3: How to Buy Property in Portugal
Fisco Number: Everyone buying property in Portugal needs a fisco number issued by the local tax office. Alternatively, you automatically receive one if you open a Portuguese bank account. We recommend opening a bank account for the purchasing process and handling bills and upkeep of the property after receiving the title deeds.
Foreign Currency: As well as deciding your final budget for property, use a foreign exchange company like Wise. These companies offer better transfer fees and better exchange rates because the property purchase is made in euros.
Finding Property in Portugal: To start your property search, browse our apartments and villas for sale in Portugal. Each listing contains location, home features and why that property stands out. There are also contact details to arrange viewings. Alternatively, call us today and let us know your budget and property requirements, and we can send various homes for sale in Portugal via email. Then, when you find a property, we convey your offer to the seller and start the buying process with contracts and a deposit.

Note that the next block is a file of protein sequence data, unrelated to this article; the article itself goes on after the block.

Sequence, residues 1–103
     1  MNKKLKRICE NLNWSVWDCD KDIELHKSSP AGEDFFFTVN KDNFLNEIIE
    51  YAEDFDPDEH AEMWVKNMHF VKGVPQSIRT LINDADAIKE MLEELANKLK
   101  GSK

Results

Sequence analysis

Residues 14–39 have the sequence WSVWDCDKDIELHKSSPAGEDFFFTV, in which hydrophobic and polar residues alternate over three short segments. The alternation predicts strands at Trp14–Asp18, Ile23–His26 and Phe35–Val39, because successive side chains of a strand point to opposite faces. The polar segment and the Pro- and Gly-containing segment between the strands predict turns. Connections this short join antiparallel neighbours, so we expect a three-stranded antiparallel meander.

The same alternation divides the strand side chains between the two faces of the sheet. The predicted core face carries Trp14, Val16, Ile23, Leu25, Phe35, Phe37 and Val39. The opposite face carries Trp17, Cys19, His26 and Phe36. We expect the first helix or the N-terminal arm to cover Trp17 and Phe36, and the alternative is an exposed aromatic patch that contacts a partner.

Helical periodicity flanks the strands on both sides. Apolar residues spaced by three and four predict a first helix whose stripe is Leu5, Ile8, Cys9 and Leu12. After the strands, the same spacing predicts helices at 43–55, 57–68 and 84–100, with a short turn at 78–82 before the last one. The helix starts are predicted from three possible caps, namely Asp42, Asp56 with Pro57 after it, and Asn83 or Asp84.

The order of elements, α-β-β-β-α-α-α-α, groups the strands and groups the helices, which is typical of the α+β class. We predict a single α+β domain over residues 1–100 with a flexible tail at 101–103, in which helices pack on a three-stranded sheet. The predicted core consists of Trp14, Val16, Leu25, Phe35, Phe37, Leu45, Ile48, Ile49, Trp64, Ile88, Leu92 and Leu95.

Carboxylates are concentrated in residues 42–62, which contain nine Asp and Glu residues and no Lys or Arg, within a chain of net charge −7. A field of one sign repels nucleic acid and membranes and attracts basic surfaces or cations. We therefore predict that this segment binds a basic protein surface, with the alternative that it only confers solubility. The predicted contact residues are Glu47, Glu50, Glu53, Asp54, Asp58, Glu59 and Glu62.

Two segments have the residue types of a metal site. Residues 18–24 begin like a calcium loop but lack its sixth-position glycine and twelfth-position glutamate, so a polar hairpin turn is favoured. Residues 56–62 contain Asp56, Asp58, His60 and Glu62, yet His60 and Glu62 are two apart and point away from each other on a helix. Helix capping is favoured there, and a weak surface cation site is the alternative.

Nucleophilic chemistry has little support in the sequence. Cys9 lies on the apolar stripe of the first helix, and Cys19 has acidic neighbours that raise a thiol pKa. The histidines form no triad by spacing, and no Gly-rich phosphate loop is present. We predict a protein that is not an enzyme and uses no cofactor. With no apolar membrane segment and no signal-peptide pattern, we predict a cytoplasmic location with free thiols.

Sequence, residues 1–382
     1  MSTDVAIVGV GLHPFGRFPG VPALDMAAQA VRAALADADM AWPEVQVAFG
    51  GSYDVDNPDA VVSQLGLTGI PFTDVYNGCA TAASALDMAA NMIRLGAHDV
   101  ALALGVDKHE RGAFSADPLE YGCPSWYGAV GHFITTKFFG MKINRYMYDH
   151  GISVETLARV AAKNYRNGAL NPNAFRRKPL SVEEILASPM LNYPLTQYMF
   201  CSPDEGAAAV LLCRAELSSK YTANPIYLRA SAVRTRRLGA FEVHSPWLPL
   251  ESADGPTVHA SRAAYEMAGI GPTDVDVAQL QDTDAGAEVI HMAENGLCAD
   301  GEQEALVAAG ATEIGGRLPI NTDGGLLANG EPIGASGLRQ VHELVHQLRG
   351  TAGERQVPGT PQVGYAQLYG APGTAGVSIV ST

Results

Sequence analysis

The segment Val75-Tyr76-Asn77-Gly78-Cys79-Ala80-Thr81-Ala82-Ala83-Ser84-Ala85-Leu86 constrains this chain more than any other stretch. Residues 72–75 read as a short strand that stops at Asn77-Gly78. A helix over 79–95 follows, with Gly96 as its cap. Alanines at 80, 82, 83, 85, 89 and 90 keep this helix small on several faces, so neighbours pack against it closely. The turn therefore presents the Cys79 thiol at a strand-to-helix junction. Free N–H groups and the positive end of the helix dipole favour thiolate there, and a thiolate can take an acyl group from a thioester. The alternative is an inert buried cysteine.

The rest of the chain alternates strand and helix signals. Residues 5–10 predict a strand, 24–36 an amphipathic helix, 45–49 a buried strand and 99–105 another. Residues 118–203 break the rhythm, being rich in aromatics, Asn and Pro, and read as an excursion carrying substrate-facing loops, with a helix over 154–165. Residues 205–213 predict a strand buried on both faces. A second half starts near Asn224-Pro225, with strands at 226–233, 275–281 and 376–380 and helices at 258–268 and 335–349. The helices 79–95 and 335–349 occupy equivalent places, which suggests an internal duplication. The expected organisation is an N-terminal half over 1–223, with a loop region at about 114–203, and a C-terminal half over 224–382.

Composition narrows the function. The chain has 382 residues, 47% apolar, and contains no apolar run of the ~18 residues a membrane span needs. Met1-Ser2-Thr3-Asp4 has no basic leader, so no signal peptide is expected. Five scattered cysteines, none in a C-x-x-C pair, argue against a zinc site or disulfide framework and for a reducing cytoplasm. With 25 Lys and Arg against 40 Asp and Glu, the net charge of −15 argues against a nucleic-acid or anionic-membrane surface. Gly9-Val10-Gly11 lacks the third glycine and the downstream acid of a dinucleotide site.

Lawyer and Notary in Portugal: Your lawyer in Portugal will arrange house surveys to check that the property is in good condition. They also negotiate contracts for the notary in Portugal, who cross-check the property with the land registry. Once both parties have signed the property documents, our next step is to obtain title deeds and register the property. Also, factor in lawyers and notary fees into your budget.
Property Payments and Extra Costs: A buying deposit must be paid when signing contracts, and a final payment date is also agreed upon. The most significant tax to pay when buying property in Portugal is Imposto Municipal Sobre Transmissoes (IMT). If you live in your new home, you don’t pay this tax on the first 92,407 euros. However, you pay 1% on the first 92,407 euros for holiday homes. After that, any higher property value climbs to 8% but also remember 0.8% stamp duty and land registry fees.